A quantitative technique for species concentration determination for lifetimes exceeding the laser free temporal range
Picosecond time-resolved laser-induced fluorescence (PTILIF) was designed to gain a better understanding of laminar and turbulent flame environments by measuring spatially and temporally varying concentrations of minor species in such flames. PITLIF’s ability to simultaneously determine the electronic quenching rate coefficient and species concentration allows the measurements to be quantitative. However, PITLIF has suffered in the past from two, independent upper fluorescence lifetime limits of approximately 3 ns, which has restricted the types of flame chemistries and target molecules that could be investigated. The present work details a new program, Stacker, written to overcome these two lifetime constraints.^ Stacker was created to account for the overlapping of successive fluorescence decay signals that result when the measured signal extends beyond the free temporal range of the laser (12.5 ns). This overlap, defined as pulse stacking, is a function of the fluorescence lifetime, but is considered negligible below approximately 3 ns in PITLIF. Beyond this lifetime an inflation of the measured decay amplitude ensues, which if left uncorrected distorts the calculation of the total number density of the target molecule within the probe volume. ^ To account for this inflation, a relationship between the desired, un-stacked amplitude and the measured, stacked amplitude was developed, namely A = Astacked 1-e-T/t , where T is the free temporal range of the laser (12.5 ns), τ is the fluorescence lifetime, and 1-e(− T/τ) is referred to as the Amplitude Correction Coefficient (ACC). This relation circumvents the first ∼3 ns lifetime limitation.^ The second lifetime limitation is a consequence of the breakdown of a decoupling approximation inherent to the linear iteration scheme utilized in Saturate and Compare. To overcome this limitation the Levenberg-Marquardt Algorithm (LMA) was employed and serves as the kernel for Stacker.^ The efficacy of Stacker was verified by analyzing NO fluorescence data from three different non-premixed CH4/N2 - air counterflow flames. The data contain a spread in fluorescence lifetimes from 1.18 to 7.51 ns. Stacker and Saturate and Compare lifetimes were compared against predicted values using quenching cross-sections from the literature. In each flame tested, Stacker lifetimes exhibited excellent agreement with predictions based on cross-sections from Settersten et al. (2006) for lifetimes up to 7.51 ns.^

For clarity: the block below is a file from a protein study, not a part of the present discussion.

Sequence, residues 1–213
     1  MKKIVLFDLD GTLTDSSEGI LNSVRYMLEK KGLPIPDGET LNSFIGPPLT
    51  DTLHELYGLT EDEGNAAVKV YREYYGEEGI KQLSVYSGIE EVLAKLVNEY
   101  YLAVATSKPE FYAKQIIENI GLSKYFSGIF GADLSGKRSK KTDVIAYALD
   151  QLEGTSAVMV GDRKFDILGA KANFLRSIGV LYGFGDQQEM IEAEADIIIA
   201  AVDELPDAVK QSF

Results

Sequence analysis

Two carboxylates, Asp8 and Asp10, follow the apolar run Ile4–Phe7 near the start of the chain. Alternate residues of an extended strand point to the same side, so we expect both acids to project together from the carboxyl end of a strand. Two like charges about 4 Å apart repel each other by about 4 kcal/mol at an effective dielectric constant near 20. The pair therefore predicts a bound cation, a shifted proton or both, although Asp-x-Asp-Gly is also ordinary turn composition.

Galen B. King, Purdue University, Normand M. Laurendeau, Purdue University.